The University of Nebraska first offered civil engineering courses in 1877 within the Industrial College in Lincoln. In 1898 the Mechanical Arts Building (later Stout Hall) was built to house Engineering Mechanics, Civil Engineering and the Math Department. In 1909, state legislation reorganized the old Industrial College into two offshoots:
- The College of Engineering
- The College of Agriculture
The engineering college then had 400 students and, by 1911, its first real home in Mechanical Arts Hall. In 1918 at East Campus, the Agricultural Engineering Building was built. Renamed L. W. Chase Hall after the first head of Ag Engineering, the building now houses the Department of Biological Systems Engineering, which includes Agricultural Engineering.
Around 1950, Electrical Engineering moved into the newly built Ferguson Hall. Mechanical Arts Hall was renamed Stout Hall, named for Oscar Van Pelt Stout, who led the college during World War I. This facility contained laboratories, classrooms, offices and an engineering library, and was used until 1974.
A chemical engineering wing was added to Avery Hall and in 1958, Chemical Engineering became a department.
Enrollment grew and technologies advanced, necessitating more (and updated) engineering facilities. The purchase of Nebraska Hall in 1958 from the Elgin Watch Factory gave the university an additional 440,000 square feet; however, it was not until early 1971 that engineering moved into the west half of the building. Nebraska Hall houses the departments of:
- The Durham School: Construction Engineering and Construction Management
- Civil Engineering
- Mechanical & Materials Engineering
- Engineering Library
Scott Engineering Center (SEC), dedicated in 1972, holds laboratories, research centers and engineering shops. Later, a link was added between SEC and Nebraska Hall -- this houses:
- Electrical Engineering
Computer Science and Engineering resides in Avery Hall and, in 2008, new computing, classroom and office spaces opened in the Schorr Center: a specially renovated facility located in Nebraska's famous Memorial Stadium.
The College of Engineering encompassed architecture until that program became a separate college in1974. In the early 1970s, the University of Nebraska became a system of universities including UNL and a municipal university in Omaha. A merger with Omaha's College of Engineering and Technology formed the University of Nebraska-Lincoln College of Engineering. Academic area in Omaha now include:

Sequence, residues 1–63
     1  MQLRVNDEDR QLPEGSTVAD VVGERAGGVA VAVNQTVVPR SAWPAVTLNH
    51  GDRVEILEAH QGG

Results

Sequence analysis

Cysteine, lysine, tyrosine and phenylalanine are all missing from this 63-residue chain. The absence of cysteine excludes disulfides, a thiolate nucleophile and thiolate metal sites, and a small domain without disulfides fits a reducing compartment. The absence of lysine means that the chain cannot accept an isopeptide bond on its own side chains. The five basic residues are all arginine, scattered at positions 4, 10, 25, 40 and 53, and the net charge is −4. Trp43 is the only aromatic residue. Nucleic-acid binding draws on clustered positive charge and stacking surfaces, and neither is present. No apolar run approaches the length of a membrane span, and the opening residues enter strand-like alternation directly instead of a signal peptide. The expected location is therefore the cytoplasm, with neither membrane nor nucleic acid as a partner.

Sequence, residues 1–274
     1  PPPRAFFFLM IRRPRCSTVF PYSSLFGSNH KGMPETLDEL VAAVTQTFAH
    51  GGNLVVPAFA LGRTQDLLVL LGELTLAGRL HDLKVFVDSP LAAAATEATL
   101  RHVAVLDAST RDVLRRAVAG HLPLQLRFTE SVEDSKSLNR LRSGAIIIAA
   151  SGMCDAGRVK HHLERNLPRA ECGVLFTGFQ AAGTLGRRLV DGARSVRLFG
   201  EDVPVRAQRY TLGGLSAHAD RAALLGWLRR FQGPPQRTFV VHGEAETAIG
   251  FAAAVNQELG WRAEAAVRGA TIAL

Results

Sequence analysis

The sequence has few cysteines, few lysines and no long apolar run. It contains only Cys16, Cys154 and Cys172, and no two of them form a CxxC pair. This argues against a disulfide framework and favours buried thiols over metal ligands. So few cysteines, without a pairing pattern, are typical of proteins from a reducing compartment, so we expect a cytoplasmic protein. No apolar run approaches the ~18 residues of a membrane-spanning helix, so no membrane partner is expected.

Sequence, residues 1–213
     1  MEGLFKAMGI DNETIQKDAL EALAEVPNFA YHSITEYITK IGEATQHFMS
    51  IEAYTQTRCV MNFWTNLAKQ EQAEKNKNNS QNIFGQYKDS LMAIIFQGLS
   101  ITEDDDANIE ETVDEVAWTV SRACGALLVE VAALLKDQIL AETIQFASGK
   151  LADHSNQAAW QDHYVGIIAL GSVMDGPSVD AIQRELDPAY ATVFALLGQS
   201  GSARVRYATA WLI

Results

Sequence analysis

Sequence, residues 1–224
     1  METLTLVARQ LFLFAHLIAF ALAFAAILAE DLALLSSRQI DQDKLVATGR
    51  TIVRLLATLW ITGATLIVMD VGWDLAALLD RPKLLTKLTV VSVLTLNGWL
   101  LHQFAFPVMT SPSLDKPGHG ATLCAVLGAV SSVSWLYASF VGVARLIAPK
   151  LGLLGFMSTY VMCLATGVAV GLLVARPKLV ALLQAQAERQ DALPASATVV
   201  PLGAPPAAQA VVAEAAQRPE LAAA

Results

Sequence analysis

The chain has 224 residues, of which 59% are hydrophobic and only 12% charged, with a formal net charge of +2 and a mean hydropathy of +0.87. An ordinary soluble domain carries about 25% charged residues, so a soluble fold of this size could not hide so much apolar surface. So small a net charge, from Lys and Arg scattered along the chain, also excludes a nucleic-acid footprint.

- The Durham School: Architectural Engineering, Construction Engineering, Construction Management
- Civil Engineering
- Computer Engineering
- Electronics Engineering
In 1995, The Peter Kiewit Institute took shape in Omaha to better meet the changing needs of students and local industry. The Institute brings together the UNL College of Engineering, the University of Nebraska at Omaha College of Information Science and Technology, and local industry. Its goal is to merge the cultures of higher education and business to create an ideal learning environment for Nebraska's information science professionals for the next century. The Peter Kiewit Institute opened in1999 with each college occupying a wing; the Institute is located at 67th and Pacific streets in Omaha, on land owned by UNO.
In 2003, Donald F. Othmer Hall, adjacent to Scott Engineering Center, became the home of the Department of Chemical Engineering and the Dean's Office suite.
- Chemical and Biomolecular Engineering
The $24 million building features the latest in research laboratory design, including a bio-process manufacturing facility, the first of its kind in any American university; a state-of-the-art computer control system for laboratories; and next-generation distance education technology. Funding came from the estate of Mildred Topp Othmer, a 1928 UNL graduate who was the widow of Donald F. Othmer, noted chemical engineer and professor at the Polytechnic Institute of New York in Brooklyn. Donald earned his bachelor's degree in chemical engineering at UNL in 1924and later accumulated 150 patents in a variety of fields. In 1947, he and Raymond Kirk, a Polytechnic colleague, published the Kirk-Othmer Encyclopedia of Chemical Technology. The 27-volume collection is a mainstay in virtually every university, research facility and company that uses chemical processes.